“At last, I was home”
by Ron Orcajada , Water Program Manager
Filipino Ron Orcajada shares what it’s like to return to his typhoon-ravaged country and help manage Samaritan’s Purse’s emergency water, health, and hygiene program.
Jetlag. It’s inevitable. I arrived at our Cebu hotel in the Philippines tired, but wide awake. But at last, I was home. A Filipino is always a Filipino, even after over 36 years in Canada.
This is the second time I’ve been home to the Philippines in the past year. Both times, I have been part of a Disaster Assistance Response Team (DART). And both times, I’ve learned quickly that flexibility is a big part of being a DART member.
Case in point: I went to sleep thinking I was heading to our work on the island of Bantayan, where Samaritan’s Purse is providing emergency food, water, hygiene kits, and more. Over breakfast, I learned that instead, I was catching the 9 a.m. flight to Tacloban.
Tacloban, a city of about 220,000 people, faced the fury of winds blowing 350 kilometers per hour, as well as a 12 meter storm surge. The city was wiped out. It’s a picture of utter devastation.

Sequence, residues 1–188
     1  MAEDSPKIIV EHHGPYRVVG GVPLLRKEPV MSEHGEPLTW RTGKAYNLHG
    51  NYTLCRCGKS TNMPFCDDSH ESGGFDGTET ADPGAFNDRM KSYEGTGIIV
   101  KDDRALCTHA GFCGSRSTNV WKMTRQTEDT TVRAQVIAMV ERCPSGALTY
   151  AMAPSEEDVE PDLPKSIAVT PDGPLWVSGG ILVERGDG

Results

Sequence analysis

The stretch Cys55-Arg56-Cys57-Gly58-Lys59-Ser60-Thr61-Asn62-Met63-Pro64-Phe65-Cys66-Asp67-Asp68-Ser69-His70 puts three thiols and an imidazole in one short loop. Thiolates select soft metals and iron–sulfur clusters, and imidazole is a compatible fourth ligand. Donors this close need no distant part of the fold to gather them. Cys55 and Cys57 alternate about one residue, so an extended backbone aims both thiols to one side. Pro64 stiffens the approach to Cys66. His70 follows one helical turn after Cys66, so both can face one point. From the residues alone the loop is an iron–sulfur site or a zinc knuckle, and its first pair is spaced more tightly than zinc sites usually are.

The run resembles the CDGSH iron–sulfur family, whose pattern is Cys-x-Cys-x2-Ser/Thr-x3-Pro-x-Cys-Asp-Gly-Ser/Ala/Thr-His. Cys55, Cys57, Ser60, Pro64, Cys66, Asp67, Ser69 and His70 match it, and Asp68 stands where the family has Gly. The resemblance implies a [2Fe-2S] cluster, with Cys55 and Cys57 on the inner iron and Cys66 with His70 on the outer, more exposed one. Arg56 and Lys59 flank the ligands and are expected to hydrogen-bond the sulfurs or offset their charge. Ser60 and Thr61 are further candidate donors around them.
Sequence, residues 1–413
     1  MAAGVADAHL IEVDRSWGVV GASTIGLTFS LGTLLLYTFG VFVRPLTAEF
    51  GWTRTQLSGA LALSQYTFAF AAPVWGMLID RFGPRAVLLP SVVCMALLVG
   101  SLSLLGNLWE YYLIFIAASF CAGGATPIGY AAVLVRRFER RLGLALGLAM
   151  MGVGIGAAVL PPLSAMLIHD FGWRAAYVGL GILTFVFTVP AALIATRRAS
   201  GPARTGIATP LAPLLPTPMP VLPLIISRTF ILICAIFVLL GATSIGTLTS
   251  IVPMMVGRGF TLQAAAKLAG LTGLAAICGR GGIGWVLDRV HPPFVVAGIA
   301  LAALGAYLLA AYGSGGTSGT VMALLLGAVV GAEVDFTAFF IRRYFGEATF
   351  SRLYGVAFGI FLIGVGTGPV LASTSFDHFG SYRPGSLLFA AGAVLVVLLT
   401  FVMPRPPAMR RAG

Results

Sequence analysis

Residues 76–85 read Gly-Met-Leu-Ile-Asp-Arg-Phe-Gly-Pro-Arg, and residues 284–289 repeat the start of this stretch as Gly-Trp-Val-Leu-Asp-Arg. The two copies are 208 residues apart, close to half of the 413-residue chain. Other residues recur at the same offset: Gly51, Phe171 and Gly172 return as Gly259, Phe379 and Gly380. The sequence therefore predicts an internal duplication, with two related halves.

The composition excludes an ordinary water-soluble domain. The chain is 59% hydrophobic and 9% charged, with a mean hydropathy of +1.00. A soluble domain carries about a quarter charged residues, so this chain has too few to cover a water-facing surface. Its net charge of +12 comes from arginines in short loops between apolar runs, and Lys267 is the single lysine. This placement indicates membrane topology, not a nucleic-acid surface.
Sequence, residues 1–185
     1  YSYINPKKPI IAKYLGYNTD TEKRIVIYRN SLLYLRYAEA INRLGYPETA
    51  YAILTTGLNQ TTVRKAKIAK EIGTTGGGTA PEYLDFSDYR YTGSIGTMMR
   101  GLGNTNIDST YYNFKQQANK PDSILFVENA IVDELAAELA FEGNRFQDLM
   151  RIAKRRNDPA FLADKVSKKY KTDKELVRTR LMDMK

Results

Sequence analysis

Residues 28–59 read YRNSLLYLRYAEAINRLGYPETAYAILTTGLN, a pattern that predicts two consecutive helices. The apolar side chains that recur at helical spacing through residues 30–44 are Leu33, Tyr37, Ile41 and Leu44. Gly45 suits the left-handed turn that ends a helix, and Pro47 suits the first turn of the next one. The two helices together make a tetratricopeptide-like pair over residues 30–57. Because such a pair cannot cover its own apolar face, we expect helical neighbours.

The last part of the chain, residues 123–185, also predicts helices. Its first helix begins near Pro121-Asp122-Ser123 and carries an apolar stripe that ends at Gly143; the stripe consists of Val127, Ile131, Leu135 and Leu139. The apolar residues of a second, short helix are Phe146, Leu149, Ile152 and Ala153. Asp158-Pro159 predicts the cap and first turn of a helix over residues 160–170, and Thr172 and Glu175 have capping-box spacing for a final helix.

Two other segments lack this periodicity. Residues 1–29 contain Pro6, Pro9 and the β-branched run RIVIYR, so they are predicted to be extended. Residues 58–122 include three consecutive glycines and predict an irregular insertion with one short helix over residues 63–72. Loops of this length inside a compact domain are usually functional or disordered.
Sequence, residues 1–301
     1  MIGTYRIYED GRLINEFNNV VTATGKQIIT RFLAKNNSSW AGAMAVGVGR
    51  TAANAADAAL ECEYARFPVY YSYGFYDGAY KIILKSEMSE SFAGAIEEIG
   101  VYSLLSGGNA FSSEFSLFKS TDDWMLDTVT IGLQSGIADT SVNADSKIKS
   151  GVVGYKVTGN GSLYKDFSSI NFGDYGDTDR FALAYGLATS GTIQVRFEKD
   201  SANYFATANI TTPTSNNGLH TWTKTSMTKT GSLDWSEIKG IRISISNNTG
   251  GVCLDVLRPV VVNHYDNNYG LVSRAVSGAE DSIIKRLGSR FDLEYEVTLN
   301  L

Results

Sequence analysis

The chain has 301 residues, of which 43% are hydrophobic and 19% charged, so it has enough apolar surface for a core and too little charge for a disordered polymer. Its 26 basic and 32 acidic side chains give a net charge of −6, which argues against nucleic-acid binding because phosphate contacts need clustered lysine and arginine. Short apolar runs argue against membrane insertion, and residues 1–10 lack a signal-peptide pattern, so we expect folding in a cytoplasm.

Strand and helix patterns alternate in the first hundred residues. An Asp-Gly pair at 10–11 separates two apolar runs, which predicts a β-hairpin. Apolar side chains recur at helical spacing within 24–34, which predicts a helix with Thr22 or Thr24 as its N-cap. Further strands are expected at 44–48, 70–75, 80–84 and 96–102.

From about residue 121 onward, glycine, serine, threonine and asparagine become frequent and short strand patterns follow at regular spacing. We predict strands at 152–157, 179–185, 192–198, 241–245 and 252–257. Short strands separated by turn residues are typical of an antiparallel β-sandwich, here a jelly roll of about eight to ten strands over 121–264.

In Tacloban, I attended one of our daily Water, Sanitation, and Hygiene (WASH) meetings. I’ll be helping coordinate Samaritan’s Purse’s provision of safe, clean water to people in need. Over the course of the day, I gained a good picture of what we’ve accomplished since the typhoon hit, what we’d like to happen, and how we can move forward in caring for typhoon survivors.
That night, I got three hours sleep before beginning another day, which would be spent installing a chlorinator in a village called Magsaysay.
Magsaysay has more than 750 residents, and they need clean water. Most of their homes, livelihoods, and water sources were decimated by the storm. As they rebuild, we are offering support in the form of a water tank, generator, pump, chlorinator, and tap stand. The village captain, Mr. Gregoria, is a caring and well-educated leader. He knows the chlorinator will help keep his people healthy as they recover and wait for the next harvest.
After four hours, we finally got the chlorinated water ready to go. Before leaving, I gave a brief hygiene message and some instructions on how to collect and safely store the water they’ll get from the new system. We closed with a prayer for the village.
The kids in the picture above are enjoying themselves as safe drinking water gushes from their new water system. It’s a good feeling to know Samaritan’s Purse is providing for such critical needs here in the Philippines.
And we couldn’t do it without the support of Good Samaritans like you. Thank you. It was a good day out in the field.